3 May 2018

Iowa passes 'most restrictive' abortion law in US

12:09 pm on 3 May 2018

An abortion law described as "the most restrictive" in the United States has been passed by the Iowa state legislature.

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Photo: 123 RF

The general assembly, which has a Republican Party majority, has approved a bill banning most abortions once a foetal heartbeat is detected.

Republican governor Kim Reynolds has not yet said if she will sign the bill.

The bill would ban most abortions after six weeks of pregnancy.

What new restrictions have been approved?

The so-called "heartbeat" bill would require any woman seeking an abortion to have an ultrasound to screen for a foetal heartbeat. If one is detected, she will be barred from obtaining a termination.

Some exceptions have been introduced - in cases of rape and incest, where it has been reported to authorities, and to save the woman's life.

"We're in the majority for a reason and that includes advancing the pro-life cause," Republican Representative Shannon Lundgren told the Waterloo-Cedar Falls Courier.

"We are alive when our hearts start beating and our life is over when it stops," Republican Representative Dawn Pettengil told CBS News.

Some critics said the bill would make having an abortion illegal before most women would even realise they were pregnant.

Democratic Representative Beth Wessel-Kroeschell spoke against the legislation at the Iowa House of Representatives this week.

"All women, regardless of age, income or race, should be able to obtain reproductive health services, including abortion, free from political and economic barriers," Ms Wessel-Kroeschell said.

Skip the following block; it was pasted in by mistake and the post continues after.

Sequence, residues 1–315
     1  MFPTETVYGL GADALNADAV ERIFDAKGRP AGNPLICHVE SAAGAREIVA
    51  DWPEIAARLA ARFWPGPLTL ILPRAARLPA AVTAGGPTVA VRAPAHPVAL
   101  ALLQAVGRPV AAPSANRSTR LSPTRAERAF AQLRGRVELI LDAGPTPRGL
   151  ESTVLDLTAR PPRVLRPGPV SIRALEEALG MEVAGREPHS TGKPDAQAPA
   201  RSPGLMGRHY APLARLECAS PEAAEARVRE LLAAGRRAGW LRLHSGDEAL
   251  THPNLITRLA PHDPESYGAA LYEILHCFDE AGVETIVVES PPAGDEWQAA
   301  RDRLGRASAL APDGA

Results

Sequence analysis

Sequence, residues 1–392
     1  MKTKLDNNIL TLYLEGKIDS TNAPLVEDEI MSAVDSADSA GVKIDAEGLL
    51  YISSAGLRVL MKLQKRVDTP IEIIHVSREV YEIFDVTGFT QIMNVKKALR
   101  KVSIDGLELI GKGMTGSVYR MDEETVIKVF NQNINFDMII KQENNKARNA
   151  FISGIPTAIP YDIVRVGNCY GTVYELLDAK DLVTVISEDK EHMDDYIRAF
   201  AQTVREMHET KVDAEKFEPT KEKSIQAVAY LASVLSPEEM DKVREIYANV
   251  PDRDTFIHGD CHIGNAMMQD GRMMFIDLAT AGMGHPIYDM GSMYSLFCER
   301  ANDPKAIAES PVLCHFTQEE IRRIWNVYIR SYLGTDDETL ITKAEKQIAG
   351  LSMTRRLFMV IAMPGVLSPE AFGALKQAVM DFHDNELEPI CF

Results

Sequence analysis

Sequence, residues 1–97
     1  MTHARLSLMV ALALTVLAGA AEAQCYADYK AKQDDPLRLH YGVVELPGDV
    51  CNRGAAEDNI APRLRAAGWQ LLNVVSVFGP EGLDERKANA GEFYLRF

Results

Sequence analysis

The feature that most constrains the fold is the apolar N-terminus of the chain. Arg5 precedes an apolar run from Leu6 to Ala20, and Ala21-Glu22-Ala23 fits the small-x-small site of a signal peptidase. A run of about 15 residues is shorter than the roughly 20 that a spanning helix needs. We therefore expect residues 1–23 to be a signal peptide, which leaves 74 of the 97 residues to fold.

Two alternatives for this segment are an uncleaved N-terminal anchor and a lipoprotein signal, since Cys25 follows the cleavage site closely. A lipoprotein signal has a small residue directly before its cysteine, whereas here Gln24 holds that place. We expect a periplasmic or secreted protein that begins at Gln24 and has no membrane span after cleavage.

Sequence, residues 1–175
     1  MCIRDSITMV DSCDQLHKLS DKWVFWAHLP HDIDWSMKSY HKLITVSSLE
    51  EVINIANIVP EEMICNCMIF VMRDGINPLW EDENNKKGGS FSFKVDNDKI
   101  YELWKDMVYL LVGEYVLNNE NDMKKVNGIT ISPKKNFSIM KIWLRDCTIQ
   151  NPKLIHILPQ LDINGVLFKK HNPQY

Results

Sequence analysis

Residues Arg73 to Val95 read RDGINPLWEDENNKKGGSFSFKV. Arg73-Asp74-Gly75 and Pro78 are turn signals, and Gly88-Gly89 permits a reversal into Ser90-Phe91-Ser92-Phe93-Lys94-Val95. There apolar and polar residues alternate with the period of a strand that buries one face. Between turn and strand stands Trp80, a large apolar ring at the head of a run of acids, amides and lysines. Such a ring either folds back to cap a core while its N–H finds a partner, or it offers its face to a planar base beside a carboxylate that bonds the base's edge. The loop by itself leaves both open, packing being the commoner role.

Planned Parenthood of the Heartland's director of public affairs Erin Davison-Rippey also spoke out against the bill when it was first introduced.

"These extreme attempts to ban abortion fly in the face of both medical and legal standards, as well as common sense and public opinion among Iowans," Ms Davison-Rippey said.

"So-called 'heartbeat protection' bills are actually bans on safe, legal, abortion and they threaten to set reproductive rights back by decades."

Senior State Issues manager at Guttmacher Institute Elizabeth Nash said this was "the most restrictive abortion ban in the country".

She and Iowa Democrats suggested the bill was intentionally unconstitutional.

If Ms Reynolds signs the bill into law, it will likely be challenged in court for possibly violating Roe v Wade, the US Supreme Court ruling that legalised abortion in 1973.

The ruling states some women have a right to terminate pregnancies until a foetus is viable.


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